Great Indian Bustard habitats to be declared as conservation reserves

As per a report by the Wildlife Institute of India, only 150 Great Indian Bustards are left in India. | File

As per a report by the Wildlife Institute of India, only 150 Great Indian Bustards are left in India. | File   | Photo Credit: Azeet


Ministry of Environment asks power companies to consider placing high voltage lines under the ground as the birds have died after coming in contact with them

Seeking to protect the critically endangered Great Indian Bustard (GIB), the Ministry of Environment has decided to declare their habitats as conservation reserves and asked power companies to consider placing high voltage lines under the ground as the birds have died after coming in contact with them.

Also read: Great Indian Bustard nearing extinction due to high voltage power lines: Environment Ministry

During a meeting held by a committee under the ministry, constituted in pursuance to the directions of the National Green Tribunal (NGT), it was also decided to have time bound action plan for the implementation of mitigation measures such as installation of bird diverters and their regular maintenance and monitoring by power agencies.

“All the powerline development agencies already working in GIB habitat or intend to work should be invited especially to discuss and consider the technological and economic feasibility of under-grounding different capacity of power lines,” Siddhanta Das, Director General of Forests and Special Secretary in the ministry, who chaired the committee meeting, said.

As per a report by the Wildlife Institute of India (WII), a statutory body under the Ministry of Environment, only 150 GIBs are left in India, out of which around 90% are found in Rajasthan and Gujarat.

The committee, after its meeting held recently, also directed the WII to furnish details about power lines identified for mitigation in the GIB habitat area along with details of power line owners to the ministries of power and non-renewable energy so that necessary action may be initiated.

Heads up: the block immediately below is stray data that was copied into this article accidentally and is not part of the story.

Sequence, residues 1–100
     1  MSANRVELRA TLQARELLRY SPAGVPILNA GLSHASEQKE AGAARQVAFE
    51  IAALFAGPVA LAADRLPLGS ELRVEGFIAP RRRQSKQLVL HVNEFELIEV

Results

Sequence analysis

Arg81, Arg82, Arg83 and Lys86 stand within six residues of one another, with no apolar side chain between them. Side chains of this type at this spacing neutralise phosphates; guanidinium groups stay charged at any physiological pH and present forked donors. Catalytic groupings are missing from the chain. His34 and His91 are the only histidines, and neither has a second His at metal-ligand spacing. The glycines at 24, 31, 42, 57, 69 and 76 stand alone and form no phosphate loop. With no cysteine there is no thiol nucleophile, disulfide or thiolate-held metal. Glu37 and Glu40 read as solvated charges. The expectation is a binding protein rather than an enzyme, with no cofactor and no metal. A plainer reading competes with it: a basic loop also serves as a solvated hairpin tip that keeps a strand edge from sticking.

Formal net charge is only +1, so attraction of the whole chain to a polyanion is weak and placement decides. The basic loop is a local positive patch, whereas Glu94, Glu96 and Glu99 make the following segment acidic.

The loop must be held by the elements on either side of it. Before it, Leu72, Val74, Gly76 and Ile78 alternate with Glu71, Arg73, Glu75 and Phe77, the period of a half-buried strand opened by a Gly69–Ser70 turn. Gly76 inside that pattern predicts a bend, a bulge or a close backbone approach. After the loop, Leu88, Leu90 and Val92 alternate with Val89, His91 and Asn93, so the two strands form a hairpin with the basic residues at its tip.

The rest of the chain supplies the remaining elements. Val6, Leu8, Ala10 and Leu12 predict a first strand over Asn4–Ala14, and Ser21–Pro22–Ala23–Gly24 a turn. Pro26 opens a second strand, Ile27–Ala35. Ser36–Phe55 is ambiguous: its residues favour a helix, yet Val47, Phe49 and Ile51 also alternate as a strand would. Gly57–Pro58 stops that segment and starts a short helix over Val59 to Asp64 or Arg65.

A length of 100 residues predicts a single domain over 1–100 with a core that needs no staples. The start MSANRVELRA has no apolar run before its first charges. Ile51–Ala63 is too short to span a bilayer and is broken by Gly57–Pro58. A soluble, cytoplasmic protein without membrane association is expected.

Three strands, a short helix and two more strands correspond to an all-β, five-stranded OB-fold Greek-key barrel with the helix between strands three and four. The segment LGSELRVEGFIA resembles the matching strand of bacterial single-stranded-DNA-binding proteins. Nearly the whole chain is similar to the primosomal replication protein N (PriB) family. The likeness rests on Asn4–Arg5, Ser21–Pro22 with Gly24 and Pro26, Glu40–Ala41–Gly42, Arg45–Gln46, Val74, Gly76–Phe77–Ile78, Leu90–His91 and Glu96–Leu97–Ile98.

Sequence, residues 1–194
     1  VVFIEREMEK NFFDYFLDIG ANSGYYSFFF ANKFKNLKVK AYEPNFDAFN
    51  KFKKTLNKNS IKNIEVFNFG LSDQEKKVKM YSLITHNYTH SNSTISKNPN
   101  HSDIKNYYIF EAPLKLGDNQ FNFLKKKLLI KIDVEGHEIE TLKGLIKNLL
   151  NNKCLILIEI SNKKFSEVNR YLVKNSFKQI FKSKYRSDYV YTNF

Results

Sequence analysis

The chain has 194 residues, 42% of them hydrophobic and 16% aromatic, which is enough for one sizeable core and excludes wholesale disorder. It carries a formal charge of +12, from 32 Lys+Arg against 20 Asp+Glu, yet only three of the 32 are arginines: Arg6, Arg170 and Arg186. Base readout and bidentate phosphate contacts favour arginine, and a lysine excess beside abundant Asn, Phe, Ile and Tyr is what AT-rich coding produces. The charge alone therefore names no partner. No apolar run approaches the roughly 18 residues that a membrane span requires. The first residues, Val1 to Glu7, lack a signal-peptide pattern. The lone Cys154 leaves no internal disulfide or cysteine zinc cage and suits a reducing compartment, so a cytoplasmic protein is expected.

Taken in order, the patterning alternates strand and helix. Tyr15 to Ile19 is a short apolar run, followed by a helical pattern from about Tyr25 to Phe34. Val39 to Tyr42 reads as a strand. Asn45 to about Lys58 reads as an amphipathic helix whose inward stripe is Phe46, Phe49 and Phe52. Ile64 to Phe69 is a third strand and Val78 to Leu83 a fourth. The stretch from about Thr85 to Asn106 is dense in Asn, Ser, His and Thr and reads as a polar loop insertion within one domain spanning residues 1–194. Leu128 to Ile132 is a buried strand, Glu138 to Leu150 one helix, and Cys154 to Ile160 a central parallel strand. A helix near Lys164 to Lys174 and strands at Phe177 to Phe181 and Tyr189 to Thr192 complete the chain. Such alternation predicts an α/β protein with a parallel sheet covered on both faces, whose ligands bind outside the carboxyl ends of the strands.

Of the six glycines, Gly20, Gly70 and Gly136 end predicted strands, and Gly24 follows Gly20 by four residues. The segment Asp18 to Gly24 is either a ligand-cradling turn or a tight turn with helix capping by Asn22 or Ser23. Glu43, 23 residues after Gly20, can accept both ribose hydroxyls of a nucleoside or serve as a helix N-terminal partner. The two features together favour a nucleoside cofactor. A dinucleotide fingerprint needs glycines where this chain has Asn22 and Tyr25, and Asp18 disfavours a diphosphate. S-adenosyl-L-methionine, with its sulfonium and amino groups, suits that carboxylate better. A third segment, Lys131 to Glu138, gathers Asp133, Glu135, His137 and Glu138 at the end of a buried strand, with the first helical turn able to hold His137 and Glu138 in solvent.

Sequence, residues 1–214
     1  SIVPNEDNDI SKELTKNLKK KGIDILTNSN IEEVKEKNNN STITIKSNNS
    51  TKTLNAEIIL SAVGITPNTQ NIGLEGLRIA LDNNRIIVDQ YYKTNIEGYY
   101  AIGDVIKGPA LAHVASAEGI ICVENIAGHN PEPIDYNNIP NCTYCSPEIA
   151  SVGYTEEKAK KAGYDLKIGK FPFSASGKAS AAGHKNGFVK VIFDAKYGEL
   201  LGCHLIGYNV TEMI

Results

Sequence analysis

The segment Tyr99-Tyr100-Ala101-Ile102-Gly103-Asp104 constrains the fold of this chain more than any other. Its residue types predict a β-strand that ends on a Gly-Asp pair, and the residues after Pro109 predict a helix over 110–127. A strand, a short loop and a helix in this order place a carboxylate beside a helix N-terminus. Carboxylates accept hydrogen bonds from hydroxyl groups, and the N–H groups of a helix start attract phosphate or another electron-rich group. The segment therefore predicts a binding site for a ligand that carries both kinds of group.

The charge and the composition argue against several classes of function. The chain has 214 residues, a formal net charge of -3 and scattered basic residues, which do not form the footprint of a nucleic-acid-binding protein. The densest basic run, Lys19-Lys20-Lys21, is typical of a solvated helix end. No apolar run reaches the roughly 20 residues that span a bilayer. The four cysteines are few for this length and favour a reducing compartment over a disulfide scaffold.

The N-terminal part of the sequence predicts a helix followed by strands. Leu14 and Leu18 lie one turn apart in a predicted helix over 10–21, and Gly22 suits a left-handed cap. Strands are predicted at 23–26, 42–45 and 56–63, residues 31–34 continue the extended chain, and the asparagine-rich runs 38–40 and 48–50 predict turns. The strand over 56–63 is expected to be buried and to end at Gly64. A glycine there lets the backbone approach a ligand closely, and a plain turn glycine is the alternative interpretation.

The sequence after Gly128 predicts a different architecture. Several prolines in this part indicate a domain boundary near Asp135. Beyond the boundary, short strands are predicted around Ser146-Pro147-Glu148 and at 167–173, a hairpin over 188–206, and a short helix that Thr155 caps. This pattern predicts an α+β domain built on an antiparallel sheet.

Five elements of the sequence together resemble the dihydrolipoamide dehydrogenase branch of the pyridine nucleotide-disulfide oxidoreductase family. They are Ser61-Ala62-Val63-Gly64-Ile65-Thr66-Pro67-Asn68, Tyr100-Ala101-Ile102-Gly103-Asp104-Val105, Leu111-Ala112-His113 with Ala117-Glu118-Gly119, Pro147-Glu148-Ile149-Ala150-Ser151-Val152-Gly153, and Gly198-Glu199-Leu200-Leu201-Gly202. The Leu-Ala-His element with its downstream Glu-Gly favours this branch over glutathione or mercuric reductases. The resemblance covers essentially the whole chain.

The GIBs are dying at the rate of 15% annually due to collision with high voltage power lines, the WII report had said, adding that their population has been reduced by 75% in the last 30 years.

The report had compiled various studies conducted by researchers across the country on GIBs.

“Mortality of adult GIBs is high due to collision with power lines that criss-cross their flying path. All bustards are prone to collision due to their poor frontal vision and inability to see the power lines from a distance,” it had said.

Also read: Great Indian Bustard's fight for survival

The issue came to light after a petition was filed in the NGT seeking conservation of GIB to save them from extinction.

The NGT directed constitution of a committee to look into it on plea of Bhanu Bansal, secretary of Centre for Wildlife and Environmental Litigation (CWEL), an NGO.

Some of the demands the NGO has been making include declaring critical GIB habitat as inviolate area, disallowing new wind turbines at GIB areas, undergrounding power lines from 33 kilo volt to 440 kv and imposition of exemplary cost on power line companies which fail to oblige.

Also read: The Indian bustard: on its last legs?

WII’s research has shown that power lines, particularly high voltage (33-440 KV) transmission lines with vertical alignment are the biggest threat to GIB as of now and their habitats have a high density of transmission lines because of the impetus on renewable energy production in GIB habitats of Rajasthan and Gujarat.

“The study recorded 5 GIB deaths in 2017-18 in Jaisalmer alone and calculated that 15% of the GIB population may be dying because of this threat. Since the natural death rate of large bustards is 4-8%, the current additive mortality rate due to transmission lines is significantly higher and if not controlled, can result in the species extinction,” the WII said.

Also read: Rajasthan’s State bird may be extinct soon

It said that maximum number of GIBs were found in Jaisalmer and the Indian Army-controlled field firing range near Pokhran, Rajasthan. Other areas where they are found in less than 10 in number are Kutch district in Gujarat, Nagpur, Amravati and Solapur districts in Maharashtra, Bellary and Koppal districts in Karnataka and Kurnool district in Andhra Pradesh.

The GIB is one of the heaviest flying birds endemic to the Indian subcontinent.

They are primarily terrestrial birds with adult males as tall as 122 cm and weigh 11-15 kg and adult females reach up to 92 cm and weigh 4-7 kg, the WII said.

According to the report, the GIB lays one egg every 1-2 years and the success rate of these eggs is 60-70%. However, this rate has been reduced to 40-50% due to predators like fox and dogs.

As per researchers, apart from the GIB, many other birds also die because of collision or electrocution with these transmission lines at the rate of 10 birds per km per month totalling nearly one lakh bird deaths annually in 4,200 sq km.

The government has already released ₹33 crore for the conservation of the GIB through a project, titled ‘Habitat Improvement and Conservation Breeding of Great Indian Bustard-An Integrated Approach’, for five years from the Compensatory Afforestation Fund Management and Planning Authority (CAMPA) for conservation, breeding of the GIB with technical support from the WII.

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Printable version | Jan 27, 2020 6:43:43 PM |

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